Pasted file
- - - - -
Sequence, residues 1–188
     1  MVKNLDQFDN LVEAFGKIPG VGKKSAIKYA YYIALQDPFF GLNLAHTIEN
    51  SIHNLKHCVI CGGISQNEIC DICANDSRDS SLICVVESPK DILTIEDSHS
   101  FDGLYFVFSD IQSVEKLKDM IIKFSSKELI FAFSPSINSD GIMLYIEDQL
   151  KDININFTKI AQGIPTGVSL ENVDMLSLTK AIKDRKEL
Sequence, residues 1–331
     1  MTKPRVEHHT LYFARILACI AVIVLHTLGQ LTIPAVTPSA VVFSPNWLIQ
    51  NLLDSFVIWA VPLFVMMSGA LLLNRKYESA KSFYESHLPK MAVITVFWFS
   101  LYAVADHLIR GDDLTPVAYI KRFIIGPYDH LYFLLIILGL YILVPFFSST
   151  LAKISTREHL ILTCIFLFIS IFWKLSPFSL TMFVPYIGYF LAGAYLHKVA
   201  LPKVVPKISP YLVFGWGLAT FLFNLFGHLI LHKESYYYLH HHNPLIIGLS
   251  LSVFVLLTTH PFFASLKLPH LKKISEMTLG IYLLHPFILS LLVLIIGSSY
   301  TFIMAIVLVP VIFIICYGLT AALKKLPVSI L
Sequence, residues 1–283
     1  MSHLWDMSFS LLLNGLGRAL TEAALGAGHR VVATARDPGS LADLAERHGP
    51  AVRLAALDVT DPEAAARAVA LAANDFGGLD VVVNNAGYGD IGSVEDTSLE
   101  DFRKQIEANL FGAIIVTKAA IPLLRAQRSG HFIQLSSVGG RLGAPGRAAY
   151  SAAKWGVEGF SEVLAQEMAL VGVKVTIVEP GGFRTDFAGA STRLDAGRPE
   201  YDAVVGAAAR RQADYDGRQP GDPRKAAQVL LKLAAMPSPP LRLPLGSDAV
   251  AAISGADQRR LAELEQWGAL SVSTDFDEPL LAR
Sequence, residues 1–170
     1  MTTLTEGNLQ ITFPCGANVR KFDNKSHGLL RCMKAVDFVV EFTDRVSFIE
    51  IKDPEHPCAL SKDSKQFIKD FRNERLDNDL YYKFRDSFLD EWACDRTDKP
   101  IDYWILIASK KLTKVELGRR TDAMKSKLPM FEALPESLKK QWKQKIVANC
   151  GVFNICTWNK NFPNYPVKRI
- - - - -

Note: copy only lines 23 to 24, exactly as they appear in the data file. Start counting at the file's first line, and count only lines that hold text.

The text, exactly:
    51  IKDPEHPCAL SKDSKQFIKD FRNERLDNDL YYKFRDSFLD EWACDRTDKP
   101  IDYWILIASK KLTKVELGRR TDAMKSKLPM FEALPESLKK QWKQKIVANC